Dealing with criticism – the bad review!

These days there are blogs and review sites popping up everywhere and the chances that your establishment will get a glowing review 100% of the time, is slim to none. However, in the unfortunate circumstance of an unfavourable review, how you deal with it says more about your business than the review itself.

Firstly, is it true?

Read the review carefully, consider the comments that have been made. Is this a genuine review or a malicious attack? Most of the time, the reviewer does not have something against your business or enterprise – they are simply being honest about their experience. Does some of what they are saying ring true?

Secondly, reach out to the reviewer

This obviously all comes down to your PR guidelines, but we would suggest contacting the reviewer – not in a public forum (i.e. send direct messages not Facebook posts or tweets). Thank them for their review. Ask them if they would be willing to set up a call or a meeting to discuss the review.

Listen to what they have said

This is valuable information on your client / customer’s experience. Put away any anger or embarrassment you may feel and address the concerns raised. Often the issues are very easy and simple to fix and improve the overall experience.

What to do when you've received a bad review!

What to do when you’ve received a bad review!

Fix the problem

Remember that although it might seem like a PR nightmare, the problem is actually not the poor review. The problem is the poor experience one of your client’s had at your establishment, and the likelihood that others feel the same but are just not voicing  their concerns, but they will talk with their feet…

Once you have reached out to the reviewer in question, consider a public response. Something along of the lines of an apology to the reviewer for the awful experience, thanking them for bringing this to your attention and followed by an undertaking to rectify the issues.

Invite the reviewer again

Once you have addressed the concerns raised, invite the reviewer to come and try your establishment again. Throw in a free night’s stay or some other encouraging factor to get them to come back and ask them to let you know how they have experienced their second stay at your hotel, meal at your restaurant or spa experience.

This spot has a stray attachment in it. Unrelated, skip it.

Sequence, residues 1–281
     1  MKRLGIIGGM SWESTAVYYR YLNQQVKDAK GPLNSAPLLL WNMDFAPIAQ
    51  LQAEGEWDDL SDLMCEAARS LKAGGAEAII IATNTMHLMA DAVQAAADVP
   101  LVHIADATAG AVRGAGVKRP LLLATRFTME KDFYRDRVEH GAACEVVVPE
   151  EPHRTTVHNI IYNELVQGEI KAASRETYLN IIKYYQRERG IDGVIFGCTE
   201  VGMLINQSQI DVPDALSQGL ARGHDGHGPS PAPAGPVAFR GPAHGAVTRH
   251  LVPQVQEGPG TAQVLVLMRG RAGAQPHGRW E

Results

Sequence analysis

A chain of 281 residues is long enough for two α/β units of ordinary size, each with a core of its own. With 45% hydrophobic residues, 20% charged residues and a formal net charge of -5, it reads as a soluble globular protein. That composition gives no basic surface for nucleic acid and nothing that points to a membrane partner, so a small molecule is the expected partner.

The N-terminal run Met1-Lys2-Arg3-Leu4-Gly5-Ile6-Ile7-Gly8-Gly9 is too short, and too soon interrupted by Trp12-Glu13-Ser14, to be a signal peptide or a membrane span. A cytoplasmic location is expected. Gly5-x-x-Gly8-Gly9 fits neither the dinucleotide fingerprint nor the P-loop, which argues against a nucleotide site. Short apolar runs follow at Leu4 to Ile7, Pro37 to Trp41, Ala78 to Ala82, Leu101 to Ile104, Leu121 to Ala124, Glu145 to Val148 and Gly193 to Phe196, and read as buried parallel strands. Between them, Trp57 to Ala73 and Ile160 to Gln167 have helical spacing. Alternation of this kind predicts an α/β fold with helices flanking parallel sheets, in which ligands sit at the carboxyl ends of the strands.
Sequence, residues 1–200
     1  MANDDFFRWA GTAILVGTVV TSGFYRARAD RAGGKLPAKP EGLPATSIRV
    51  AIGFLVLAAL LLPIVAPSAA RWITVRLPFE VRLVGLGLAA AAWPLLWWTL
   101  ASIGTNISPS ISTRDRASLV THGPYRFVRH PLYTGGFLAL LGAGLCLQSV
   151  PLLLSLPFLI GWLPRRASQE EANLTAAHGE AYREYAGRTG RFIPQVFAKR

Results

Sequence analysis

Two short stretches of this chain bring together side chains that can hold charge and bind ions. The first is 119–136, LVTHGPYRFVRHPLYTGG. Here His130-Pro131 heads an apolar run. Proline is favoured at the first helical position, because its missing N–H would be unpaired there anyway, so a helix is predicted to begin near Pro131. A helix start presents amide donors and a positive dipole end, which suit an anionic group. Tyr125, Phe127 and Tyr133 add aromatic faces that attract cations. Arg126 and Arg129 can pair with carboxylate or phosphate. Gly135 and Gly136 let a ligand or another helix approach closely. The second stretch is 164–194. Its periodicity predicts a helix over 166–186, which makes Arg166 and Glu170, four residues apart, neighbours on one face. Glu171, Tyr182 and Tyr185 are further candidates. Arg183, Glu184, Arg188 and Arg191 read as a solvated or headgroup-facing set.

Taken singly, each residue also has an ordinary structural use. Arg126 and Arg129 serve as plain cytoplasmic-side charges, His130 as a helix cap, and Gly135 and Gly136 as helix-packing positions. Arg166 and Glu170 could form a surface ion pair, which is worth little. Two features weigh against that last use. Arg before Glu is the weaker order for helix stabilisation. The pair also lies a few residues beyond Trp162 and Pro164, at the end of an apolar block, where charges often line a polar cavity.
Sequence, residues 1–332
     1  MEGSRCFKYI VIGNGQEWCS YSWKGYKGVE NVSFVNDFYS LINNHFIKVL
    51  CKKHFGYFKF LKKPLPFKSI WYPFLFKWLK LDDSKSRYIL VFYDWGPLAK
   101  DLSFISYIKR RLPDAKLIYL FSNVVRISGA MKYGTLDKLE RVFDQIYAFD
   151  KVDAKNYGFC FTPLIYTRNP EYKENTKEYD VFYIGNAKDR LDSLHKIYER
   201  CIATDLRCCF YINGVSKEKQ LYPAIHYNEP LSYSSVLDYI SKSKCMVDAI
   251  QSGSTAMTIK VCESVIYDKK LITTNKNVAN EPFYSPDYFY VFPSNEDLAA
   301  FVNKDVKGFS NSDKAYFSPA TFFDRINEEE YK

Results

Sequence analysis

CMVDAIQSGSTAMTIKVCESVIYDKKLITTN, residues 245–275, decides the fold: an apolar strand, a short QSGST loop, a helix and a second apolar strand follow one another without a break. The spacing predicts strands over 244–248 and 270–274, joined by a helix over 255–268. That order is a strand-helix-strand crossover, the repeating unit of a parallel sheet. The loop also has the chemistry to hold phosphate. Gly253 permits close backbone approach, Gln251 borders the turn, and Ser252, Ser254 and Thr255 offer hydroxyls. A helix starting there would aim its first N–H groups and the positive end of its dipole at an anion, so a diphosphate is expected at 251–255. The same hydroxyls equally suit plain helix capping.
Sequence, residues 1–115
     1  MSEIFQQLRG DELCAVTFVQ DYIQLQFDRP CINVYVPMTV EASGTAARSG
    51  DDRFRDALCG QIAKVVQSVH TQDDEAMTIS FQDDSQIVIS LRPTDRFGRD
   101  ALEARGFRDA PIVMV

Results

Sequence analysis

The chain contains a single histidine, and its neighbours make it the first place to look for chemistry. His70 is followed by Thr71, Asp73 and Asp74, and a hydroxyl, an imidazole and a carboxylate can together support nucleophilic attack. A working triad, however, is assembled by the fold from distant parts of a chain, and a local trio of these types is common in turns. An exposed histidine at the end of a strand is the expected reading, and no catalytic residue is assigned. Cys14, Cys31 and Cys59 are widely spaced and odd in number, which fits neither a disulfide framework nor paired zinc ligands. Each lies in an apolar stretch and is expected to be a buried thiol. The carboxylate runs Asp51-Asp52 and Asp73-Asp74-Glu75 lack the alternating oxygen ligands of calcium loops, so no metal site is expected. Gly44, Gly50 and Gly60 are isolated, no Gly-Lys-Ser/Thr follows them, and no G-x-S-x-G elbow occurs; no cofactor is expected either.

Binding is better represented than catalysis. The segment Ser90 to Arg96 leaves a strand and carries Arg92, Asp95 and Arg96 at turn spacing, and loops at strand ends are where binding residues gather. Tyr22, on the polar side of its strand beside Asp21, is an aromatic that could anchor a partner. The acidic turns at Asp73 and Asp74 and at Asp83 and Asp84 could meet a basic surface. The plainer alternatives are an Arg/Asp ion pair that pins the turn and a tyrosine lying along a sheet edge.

We are not suggesting you specifically ask the reviewer to write a positive review, but hopefully they will be so pleased with the changes that they will want to let their readers know that you have taken their criticism to heart and improved the customer experience for everyone!

What not to do :

  • act in a defensive manner, sub-tweet, defame the reviewer;
  • ignore the review altogether, block the reviewer and put your head in the sand;
  • send threatening letters to the reviewer demanding they remove the post/publish an apology (this will only result in them writing further articles or posts about how poor your management style really is and how you have threatened them…);
  • any other action that is aimed at trying to “silence” the reviewer and/or the bad review.

Prevention is better than cure

Of course, your best option is to ensure that you never receive such a review, by contacting Guestwho Mystery Guest Services to come into your organization and conduct a review for you. Remember that our reviews are confidential and private and will not be published – the information is for your eyes only, so you can rectify any issues and ensure that you only receive a sparkling review from the public!

What’s in a name (tag) or a uniform?

As you may have realized by now, we at Guestwho Mystery Guest Services, are all about making a great first impression, and what better way to do that than to ensure your staff members are neatly presented and well-dressed?

Do uniforms make a difference?

  • they instantly create a team and unite staff (even if it is over their loathing of the uniform);
  • uniforms ensure all staff look similar and are easily identifiable by your guests / patrons;